Life is the relationship between Father, Son and Spirit. Life is what the Son knows in the Spirit with the Father. Life is what the Father knows with the Son and the Spirit. Life is what the Spirit knows with the Father and the Son. Life is the Triune God, and whatever the Triune God chooses to create and love and redeem. Creaturely life – unlike God’s – is never life in itself, but is always given life, borrowed life, graced life. And, creaturely life is only life when is exists from, and corresponds to, the social life – which is Life – of the Triune family.

Creaturely life is not like a soap opera; it has an ending, albeit one that is constituted by a new beginning, or series of new beginnings. Life is a ‘proper story’ which although it leaves at least some parts of the narrative open ended, and not fully resolved, because it is authored by one who does not have to live in the same time as the story but has freely chosen to, and because this author is unsatisfied to leave the story where it is at, or to let it be merely the victim of all that has gone before, it leads to somewhere else, even to a conclusion, however conceived. And because life’s author is life’s God – not any god but one who has in and through the life of one particular Jew shown unbridled interest in all creation, and primarily in creation’s priesthood – the story leads to life with God, life in God, life in life; it leads to life, and that without rivals. This is the conclusion of life, the new beginning. Such life satisfies and helps to confer meaning on the chapters and plots and subplots we encounter in the now – and maybe then too – on the way. Only when history reaches its time of new beginning – a time already begun in the resurrection from the dead of the aforementioned Jew – will the meaning of things be unveiled. God alone can make satisfying meaning out of history. God alone does make satisfying meaning out of history.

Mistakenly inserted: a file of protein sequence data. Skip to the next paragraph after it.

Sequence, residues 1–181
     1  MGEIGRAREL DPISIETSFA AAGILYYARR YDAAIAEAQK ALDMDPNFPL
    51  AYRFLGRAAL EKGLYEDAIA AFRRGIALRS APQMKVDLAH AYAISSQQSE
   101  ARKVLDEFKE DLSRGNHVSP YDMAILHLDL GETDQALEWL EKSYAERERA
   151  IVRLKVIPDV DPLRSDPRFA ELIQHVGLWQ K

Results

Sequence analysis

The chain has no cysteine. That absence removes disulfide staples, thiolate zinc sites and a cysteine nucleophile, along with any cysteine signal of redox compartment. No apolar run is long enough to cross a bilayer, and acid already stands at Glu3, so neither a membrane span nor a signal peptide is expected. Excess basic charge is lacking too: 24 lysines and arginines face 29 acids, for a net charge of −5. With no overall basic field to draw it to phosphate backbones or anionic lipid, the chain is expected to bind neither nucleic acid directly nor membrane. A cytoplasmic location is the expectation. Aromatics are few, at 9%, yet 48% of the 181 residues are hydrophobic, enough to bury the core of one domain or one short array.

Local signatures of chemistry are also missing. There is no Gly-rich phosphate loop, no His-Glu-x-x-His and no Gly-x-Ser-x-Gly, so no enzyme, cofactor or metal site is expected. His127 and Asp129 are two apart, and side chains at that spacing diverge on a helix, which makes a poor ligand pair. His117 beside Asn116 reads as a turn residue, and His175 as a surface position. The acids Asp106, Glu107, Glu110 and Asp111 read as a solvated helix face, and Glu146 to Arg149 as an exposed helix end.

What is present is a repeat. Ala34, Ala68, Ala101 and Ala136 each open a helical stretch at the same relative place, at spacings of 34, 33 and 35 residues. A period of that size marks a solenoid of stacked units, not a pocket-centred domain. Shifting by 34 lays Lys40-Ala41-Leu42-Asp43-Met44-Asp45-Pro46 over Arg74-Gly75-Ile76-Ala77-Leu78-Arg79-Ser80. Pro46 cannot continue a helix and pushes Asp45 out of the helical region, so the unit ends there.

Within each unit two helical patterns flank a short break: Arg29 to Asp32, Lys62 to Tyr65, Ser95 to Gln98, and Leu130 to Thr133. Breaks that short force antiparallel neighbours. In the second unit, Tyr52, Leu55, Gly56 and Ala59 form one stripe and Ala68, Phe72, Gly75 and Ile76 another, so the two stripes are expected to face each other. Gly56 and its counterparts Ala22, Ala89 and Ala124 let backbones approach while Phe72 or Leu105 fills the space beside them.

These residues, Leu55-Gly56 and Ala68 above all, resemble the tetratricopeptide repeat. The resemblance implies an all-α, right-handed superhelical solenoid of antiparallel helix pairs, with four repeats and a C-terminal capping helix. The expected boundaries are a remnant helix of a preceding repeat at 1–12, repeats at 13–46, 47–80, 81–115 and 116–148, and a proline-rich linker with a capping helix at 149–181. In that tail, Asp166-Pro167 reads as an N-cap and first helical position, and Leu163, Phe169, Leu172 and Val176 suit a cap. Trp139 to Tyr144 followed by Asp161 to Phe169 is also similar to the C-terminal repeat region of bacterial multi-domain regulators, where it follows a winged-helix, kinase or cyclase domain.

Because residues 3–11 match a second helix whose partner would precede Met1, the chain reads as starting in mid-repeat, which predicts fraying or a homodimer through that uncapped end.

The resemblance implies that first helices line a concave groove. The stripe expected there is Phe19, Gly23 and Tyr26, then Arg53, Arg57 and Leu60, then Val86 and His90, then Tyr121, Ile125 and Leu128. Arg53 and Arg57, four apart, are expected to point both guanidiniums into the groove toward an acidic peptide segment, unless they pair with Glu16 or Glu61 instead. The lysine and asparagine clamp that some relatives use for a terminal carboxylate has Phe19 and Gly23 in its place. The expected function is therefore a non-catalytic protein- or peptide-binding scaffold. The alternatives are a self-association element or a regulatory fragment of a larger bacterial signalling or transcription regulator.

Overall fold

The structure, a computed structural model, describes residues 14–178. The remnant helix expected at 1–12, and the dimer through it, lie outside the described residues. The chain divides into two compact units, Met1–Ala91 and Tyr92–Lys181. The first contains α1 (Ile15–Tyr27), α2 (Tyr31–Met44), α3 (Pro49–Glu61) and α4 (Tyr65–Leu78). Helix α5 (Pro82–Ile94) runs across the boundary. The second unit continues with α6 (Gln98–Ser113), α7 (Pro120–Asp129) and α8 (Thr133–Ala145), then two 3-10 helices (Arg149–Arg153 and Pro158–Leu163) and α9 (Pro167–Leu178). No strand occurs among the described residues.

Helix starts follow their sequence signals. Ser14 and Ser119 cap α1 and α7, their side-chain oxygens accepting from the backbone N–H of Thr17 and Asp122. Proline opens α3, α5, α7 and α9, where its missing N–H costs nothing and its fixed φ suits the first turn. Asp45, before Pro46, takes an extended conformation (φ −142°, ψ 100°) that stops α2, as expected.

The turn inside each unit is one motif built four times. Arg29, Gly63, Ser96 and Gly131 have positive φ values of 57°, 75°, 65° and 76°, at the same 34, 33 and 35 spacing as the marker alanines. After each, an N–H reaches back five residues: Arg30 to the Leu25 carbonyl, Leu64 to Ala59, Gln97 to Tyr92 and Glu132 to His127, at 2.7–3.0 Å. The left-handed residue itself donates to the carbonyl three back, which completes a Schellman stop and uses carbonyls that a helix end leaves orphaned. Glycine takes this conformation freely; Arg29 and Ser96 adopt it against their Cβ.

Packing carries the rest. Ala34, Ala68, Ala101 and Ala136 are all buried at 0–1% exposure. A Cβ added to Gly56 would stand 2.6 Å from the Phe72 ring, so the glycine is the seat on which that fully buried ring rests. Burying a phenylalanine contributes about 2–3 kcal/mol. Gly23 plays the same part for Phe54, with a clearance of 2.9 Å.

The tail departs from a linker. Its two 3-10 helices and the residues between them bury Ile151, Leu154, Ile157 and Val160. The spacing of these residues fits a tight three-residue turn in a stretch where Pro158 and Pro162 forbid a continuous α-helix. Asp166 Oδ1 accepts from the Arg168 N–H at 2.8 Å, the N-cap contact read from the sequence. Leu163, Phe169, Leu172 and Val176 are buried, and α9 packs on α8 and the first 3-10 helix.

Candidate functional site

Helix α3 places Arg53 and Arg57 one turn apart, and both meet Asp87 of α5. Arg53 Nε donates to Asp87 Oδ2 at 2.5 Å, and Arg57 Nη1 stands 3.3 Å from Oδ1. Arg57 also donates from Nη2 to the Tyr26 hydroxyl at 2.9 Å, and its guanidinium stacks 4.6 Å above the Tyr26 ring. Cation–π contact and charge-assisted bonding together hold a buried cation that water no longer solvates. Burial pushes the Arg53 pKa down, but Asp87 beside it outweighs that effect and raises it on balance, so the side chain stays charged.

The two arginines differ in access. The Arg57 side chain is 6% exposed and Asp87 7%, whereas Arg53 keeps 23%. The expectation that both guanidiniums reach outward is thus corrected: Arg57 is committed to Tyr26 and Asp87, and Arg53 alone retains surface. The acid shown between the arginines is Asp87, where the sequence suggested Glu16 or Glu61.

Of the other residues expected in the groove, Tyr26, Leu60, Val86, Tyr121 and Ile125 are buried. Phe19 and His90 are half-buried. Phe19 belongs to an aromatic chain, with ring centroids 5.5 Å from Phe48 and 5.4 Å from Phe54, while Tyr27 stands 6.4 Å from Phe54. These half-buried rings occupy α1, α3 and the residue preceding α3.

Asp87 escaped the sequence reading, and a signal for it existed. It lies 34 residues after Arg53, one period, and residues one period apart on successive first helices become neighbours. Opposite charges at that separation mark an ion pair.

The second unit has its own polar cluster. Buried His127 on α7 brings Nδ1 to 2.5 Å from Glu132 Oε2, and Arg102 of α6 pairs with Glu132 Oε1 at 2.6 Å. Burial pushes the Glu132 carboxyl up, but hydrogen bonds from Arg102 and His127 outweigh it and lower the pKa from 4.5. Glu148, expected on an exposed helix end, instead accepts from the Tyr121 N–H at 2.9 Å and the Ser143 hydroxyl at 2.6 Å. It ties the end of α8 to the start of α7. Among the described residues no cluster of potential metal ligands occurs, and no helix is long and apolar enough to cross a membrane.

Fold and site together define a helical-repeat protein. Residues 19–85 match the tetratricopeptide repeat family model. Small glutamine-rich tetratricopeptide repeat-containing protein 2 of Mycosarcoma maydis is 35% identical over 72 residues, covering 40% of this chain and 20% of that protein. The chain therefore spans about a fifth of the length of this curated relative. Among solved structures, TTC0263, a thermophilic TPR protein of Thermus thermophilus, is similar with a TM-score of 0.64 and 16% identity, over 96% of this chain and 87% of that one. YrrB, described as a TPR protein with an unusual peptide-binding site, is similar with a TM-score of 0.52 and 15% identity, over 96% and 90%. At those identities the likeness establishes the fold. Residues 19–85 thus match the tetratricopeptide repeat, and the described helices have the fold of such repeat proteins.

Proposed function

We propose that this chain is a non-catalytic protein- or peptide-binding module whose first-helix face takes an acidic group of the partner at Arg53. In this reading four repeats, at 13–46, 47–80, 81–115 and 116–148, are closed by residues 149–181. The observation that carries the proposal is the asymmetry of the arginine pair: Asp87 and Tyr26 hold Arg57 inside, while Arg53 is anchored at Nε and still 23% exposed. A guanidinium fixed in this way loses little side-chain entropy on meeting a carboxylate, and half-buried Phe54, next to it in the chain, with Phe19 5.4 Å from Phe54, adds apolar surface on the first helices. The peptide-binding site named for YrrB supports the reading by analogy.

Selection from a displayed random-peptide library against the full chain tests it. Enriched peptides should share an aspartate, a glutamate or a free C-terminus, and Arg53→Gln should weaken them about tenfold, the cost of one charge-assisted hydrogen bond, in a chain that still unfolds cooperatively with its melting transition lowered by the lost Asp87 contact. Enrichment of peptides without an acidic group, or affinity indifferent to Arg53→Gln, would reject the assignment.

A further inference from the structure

So, time for another cuppa …

One comment

  1. Sounds like the open trinity of Moltmann to me. Good stuff. I just read in ‘experiences in theology’ by Moltmann the quote from Job: the broad place wherein we find ourselves leads the entirety of creation to live finitely while bound to the infinite.


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